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Richmond coaches upset over elimination of co-ed sports teams

Doubling of badminton and tennis teams raises concerns of gym time and volunteer resources.
Steveston-London versus Fraser Heights secondary mixed double badminton championships 2024.

Volunteer coaches of Richmond high school sports teams are up in arms about a recent announcement that two co-ed sports teams will be eliminated this fall.

The BC School Sports (BCSS) voted to separate badminton and tennis teams, which are currently co-ed, into boys- and girls-only teams while eliminating the mixed doubles aspects.

For Richmond high schools, this will double the number of badminton and tennis teams, something coaches don't know if they have enough space or time to do.

Each school currently has bantam, junior and senior leagues for the three co-ed sports and with the new changes, this means there will be a total of six teams instead of three.

"Due to resources, gym time and coaching and volunteer staff, we are unable to fully cover this arrangement," said Danny Yee, volunteer coach at R.C. Palmer secondary.

The BCSS annual planning meeting took place last fall and the Competitive Fairness Committee within the BCSS recommended the split of the two sports into "gendered competition" while ultimate, which is also a co-ed sport, to remain as is.

"Ultimate has been widely embraced as a co-ed sport, no good option to separate genders," reads the report.

Jordan Abney, executive director of BCSS, said the decision was "more of an organizational decision."

"I know this isn't going to be overly popular, but for reasons bigger than just badminton, we're going to go in this direction, which went through our Legislative Assembly -- our decision-making body," said Abney.

He added the decision was "close to unanimous."

Abney told the Richmond News this decision will take into effect starting the next school year.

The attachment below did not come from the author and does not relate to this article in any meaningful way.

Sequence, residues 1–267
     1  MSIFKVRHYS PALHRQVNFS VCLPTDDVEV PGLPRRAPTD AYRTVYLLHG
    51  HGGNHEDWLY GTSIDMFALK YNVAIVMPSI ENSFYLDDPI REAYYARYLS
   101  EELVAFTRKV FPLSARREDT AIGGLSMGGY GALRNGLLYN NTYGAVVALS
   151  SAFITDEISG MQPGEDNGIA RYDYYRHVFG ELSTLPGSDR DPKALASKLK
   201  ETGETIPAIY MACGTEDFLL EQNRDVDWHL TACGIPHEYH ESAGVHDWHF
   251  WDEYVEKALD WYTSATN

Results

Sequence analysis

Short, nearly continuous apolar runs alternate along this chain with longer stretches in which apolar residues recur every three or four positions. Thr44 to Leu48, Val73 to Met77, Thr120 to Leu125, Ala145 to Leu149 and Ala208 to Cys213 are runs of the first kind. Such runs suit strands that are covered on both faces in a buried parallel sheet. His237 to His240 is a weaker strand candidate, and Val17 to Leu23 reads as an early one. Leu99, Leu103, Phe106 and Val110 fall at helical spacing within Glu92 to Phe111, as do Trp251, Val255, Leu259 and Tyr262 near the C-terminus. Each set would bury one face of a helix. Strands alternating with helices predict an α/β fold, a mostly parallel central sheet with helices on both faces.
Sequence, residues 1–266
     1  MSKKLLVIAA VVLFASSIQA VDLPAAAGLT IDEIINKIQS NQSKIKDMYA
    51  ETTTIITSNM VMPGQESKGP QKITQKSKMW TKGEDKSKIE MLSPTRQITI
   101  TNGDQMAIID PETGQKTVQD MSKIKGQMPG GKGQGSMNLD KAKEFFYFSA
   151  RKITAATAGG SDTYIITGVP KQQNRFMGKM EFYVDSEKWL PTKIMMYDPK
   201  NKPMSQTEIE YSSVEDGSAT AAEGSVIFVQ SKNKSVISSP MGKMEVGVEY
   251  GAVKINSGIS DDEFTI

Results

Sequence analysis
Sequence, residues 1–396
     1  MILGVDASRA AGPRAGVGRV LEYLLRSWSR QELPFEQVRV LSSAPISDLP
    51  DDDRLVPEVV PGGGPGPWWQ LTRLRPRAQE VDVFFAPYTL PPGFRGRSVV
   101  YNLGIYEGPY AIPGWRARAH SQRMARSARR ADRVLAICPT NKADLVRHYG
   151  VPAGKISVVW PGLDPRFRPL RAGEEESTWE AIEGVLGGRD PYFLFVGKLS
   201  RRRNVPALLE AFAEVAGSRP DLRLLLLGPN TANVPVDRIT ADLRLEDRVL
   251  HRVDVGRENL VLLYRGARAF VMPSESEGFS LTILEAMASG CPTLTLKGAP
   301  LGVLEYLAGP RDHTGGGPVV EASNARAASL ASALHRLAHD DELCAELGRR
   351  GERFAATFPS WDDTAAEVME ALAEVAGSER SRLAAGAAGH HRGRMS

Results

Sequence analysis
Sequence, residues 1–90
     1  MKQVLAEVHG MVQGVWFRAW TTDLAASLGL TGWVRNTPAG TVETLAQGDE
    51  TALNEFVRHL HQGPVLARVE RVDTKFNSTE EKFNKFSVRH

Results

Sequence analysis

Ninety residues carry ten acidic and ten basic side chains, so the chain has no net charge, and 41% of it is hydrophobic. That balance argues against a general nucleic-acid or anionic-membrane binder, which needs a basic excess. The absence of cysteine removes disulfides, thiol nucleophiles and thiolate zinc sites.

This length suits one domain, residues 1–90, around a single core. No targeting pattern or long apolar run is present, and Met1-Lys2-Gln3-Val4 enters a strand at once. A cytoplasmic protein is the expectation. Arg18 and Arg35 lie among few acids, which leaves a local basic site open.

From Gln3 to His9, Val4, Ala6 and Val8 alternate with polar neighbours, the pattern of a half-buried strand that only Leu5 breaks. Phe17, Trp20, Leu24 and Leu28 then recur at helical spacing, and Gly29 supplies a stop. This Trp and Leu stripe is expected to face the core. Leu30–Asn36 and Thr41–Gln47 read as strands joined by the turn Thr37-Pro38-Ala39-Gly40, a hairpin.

"From an operations standpoint, the championships are still going to run together, the leagues are going to run together."

Currently, the co-ed sports teams require a minimum of five girls and five boys to create a team. 

With the change, single-gender teams would require minimum five boys and five girls for each respective team to form.

Abney highlighted the decision had "nothing to do with trying to remove co-ed sports or reduce opportunities for girls."

"In fact, you could argue it could open the door for some teams that have girls that are interested with not enough boys to have a team," he said.

Yee, however, said there was a 90-per-cent disapproval rating from volunteer coaches on the decision made by BCSS.

He said high school co-ed sports are "essential to the growth of a sport."

"It not only builds on school/team pride, work ethics and leadership but most importantly, equality in sports," said Yee.

"We as coaches do not agree that the split will have any positive outcomes and will put, us, as coaches, to decide to support a girls or boys team. This makes it hard for us to choose as every school has so many talented athletes that should be showcased."

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